Listen to me read this poem here:
For Those in Crisis over the Holidays
All the twinkling lights seem sad,
seem mocking. Like the time
you said, “Good morning,” to your co-worker,
and he said back, “What’s so good about it.”
There was nothing to say after that.
Given a designated time to be grateful,
to give thanks, to be joyous,
the cruelty of circumstance is unflappable.
Faced with windows full
of presents topped with glittering bows
and in the presence of phrases like “holiday cheer,”
the wall seems impenetrable. By which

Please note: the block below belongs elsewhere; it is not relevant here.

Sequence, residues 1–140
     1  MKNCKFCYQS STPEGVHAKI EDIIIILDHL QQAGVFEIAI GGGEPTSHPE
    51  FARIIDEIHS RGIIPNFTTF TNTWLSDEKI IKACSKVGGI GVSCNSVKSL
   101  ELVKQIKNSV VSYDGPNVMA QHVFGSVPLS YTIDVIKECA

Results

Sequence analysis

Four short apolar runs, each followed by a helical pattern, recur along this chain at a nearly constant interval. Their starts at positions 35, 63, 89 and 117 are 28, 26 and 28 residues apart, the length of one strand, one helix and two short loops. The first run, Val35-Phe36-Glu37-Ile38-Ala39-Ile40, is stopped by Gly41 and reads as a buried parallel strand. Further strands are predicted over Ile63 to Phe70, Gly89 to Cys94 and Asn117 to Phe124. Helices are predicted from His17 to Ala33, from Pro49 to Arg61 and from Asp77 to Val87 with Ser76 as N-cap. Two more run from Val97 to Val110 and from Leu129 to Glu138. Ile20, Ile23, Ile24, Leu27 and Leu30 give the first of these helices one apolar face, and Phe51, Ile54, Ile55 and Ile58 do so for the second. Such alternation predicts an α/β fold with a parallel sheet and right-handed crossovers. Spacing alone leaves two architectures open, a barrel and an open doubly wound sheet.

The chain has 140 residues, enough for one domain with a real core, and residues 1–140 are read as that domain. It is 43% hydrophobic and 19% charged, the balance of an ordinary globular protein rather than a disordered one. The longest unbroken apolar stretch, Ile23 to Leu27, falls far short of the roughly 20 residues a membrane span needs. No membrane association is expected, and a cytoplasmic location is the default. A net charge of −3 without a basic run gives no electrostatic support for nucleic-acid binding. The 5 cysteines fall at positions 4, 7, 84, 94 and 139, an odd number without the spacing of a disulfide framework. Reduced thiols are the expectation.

I mean the wall that,
once bumped up against,
causes bouts of weeping. The wall is a virus.
The one that makes you bolt upright in bed,
breathing too fast.
Where am I? Where are you?
You only know the fragments of things now:
the feel of an elbow, the rain, the silence
of snow, your own wet face.
The beat of your heart,
its duty, its steadfastness, rabbiting
beneath your palm too fast with hand to chest,
a well-known pose,
occurring when the hero/ine’s world shatters.
But what wonder, such commitment:
the thrum under the palm,
the endless drum of it,
murmuring: Here. Here, like a compass,
a blip of sonar, marking your place
as you tread water, for now —
an anchor, a touchstone,